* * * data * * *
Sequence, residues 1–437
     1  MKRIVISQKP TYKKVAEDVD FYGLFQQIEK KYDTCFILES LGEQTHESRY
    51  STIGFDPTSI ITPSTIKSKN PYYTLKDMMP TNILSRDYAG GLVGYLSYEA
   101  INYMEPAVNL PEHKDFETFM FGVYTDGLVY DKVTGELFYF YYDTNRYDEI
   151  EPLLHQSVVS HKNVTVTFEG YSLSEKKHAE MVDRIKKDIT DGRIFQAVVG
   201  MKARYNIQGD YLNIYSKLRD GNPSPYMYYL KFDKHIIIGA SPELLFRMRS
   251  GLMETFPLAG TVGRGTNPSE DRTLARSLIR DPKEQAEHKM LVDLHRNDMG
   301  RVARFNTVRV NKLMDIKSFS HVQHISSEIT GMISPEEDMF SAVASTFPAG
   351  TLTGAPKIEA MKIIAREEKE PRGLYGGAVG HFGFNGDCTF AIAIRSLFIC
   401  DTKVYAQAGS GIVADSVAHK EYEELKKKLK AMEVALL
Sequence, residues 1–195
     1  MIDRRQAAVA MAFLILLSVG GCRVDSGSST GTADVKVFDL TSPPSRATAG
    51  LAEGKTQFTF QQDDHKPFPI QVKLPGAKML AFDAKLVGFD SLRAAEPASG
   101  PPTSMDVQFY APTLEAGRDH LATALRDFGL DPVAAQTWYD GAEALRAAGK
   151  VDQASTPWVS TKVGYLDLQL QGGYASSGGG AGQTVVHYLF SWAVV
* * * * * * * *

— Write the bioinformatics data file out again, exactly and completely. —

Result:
Sequence, residues 1–437
     1  MKRIVISQKP TYKKVAEDVD FYGLFQQIEK KYDTCFILES LGEQTHESRY
    51  STIGFDPTSI ITPSTIKSKN PYYTLKDMMP TNILSRDYAG GLVGYLSYEA
   101  INYMEPAVNL PEHKDFETFM FGVYTDGLVY DKVTGELFYF YYDTNRYDEI
   151  EPLLHQSVVS HKNVTVTFEG YSLSEKKHAE MVDRIKKDIT DGRIFQAVVG
   201  MKARYNIQGD YLNIYSKLRD GNPSPYMYYL KFDKHIIIGA SPELLFRMRS
   251  GLMETFPLAG TVGRGTNPSE DRTLARSLIR DPKEQAEHKM LVDLHRNDMG
   301  RVARFNTVRV NKLMDIKSFS HVQHISSEIT GMISPEEDMF SAVASTFPAG
   351  TLTGAPKIEA MKIIAREEKE PRGLYGGAVG HFGFNGDCTF AIAIRSLFIC
   401  DTKVYAQAGS GIVADSVAHK EYEELKKKLK AMEVALL
Sequence, residues 1–195
     1  MIDRRQAAVA MAFLILLSVG GCRVDSGSST GTADVKVFDL TSPPSRATAG
    51  LAEGKTQFTF QQDDHKPFPI QVKLPGAKML AFDAKLVGFD SLRAAEPASG
   101  PPTSMDVQFY APTLEAGRDH LATALRDFGL DPVAAQTWYD GAEALRAAGK
   151  VDQASTPWVS TKVGYLDLQL QGGYASSGGG AGQTVVHYLF SWAVV